Our visit to Ward came to an end, and we toodled on down the mountain, past the city of Boulder and east across the plains. Mac’s panel truck’s top speed of about 55 miles per hour was slightly enhanced by the downhill nature of the direction we were headed. Our pledge to each other to stop smoking cigarettes on the trip had led us, in our nicotine withdrawal, to try not only cigars, but also Red Man chewing tobacco as alternatives. Consequently, the passenger side of the truck was becoming slick with dried sugary tobacco juice, expectorated at highway speed, a fact which didn’t go unnoticed by folks we came in contact with. It would be another 20 years or so before some of us could break out from the grip of the tobacco industry.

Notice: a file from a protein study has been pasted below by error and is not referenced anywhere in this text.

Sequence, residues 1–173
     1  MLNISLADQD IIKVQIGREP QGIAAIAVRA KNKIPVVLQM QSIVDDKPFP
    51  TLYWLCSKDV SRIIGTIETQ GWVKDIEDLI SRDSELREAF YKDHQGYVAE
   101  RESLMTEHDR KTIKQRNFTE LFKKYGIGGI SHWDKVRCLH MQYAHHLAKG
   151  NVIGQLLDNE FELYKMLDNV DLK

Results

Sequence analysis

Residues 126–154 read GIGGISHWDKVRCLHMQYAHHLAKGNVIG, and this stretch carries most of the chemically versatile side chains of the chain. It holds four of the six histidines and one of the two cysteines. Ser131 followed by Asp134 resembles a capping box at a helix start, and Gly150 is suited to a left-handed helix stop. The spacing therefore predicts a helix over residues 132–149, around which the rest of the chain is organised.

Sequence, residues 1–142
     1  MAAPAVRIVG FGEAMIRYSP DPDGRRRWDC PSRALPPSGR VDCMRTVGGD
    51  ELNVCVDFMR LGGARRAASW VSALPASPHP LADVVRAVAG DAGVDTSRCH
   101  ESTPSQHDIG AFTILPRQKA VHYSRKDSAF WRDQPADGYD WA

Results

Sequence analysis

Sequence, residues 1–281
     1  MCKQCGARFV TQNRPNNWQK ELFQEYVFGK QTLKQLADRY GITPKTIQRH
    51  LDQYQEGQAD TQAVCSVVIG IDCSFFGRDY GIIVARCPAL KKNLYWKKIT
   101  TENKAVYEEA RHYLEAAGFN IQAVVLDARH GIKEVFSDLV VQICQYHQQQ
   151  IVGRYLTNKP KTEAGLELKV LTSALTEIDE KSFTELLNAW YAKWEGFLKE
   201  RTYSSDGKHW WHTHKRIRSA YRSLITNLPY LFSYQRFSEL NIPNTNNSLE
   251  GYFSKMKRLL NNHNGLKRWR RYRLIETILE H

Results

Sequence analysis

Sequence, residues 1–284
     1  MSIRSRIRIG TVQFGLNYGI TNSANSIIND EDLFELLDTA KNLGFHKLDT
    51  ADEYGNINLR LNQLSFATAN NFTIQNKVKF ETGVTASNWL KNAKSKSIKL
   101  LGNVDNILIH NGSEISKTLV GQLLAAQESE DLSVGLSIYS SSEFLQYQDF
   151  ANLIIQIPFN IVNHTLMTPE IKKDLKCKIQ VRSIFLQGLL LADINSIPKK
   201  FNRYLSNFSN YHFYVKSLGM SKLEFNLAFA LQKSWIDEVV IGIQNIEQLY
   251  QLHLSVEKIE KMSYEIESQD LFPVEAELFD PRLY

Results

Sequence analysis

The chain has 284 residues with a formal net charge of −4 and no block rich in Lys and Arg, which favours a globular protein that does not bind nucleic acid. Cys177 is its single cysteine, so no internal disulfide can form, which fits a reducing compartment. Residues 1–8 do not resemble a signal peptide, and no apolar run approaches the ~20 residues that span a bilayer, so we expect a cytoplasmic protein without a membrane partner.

After a drop in altitude for the day’s journey of about 7,000 feet, we found a state park in central Kansas where we could camp for the night, The campground was on a recently man-made lake, devoid of trees, and set up for vacationers with power boats. My father, an avid sailor with an inherent dislike for motorboat wakes and the accompanying smell of two-cycle gasoline floating on the water, called them “putt-putts.” The only other campers were a father-and-son pair, much too close to us, and we had to listen to Daddy expounding loudly to his unfortunate young offspring on all sorts of much-too-serious issues within the solitude of their tent. We made the best of it. Mac cooked up a stir-fry, we had a few tunes, and then hit the old sack.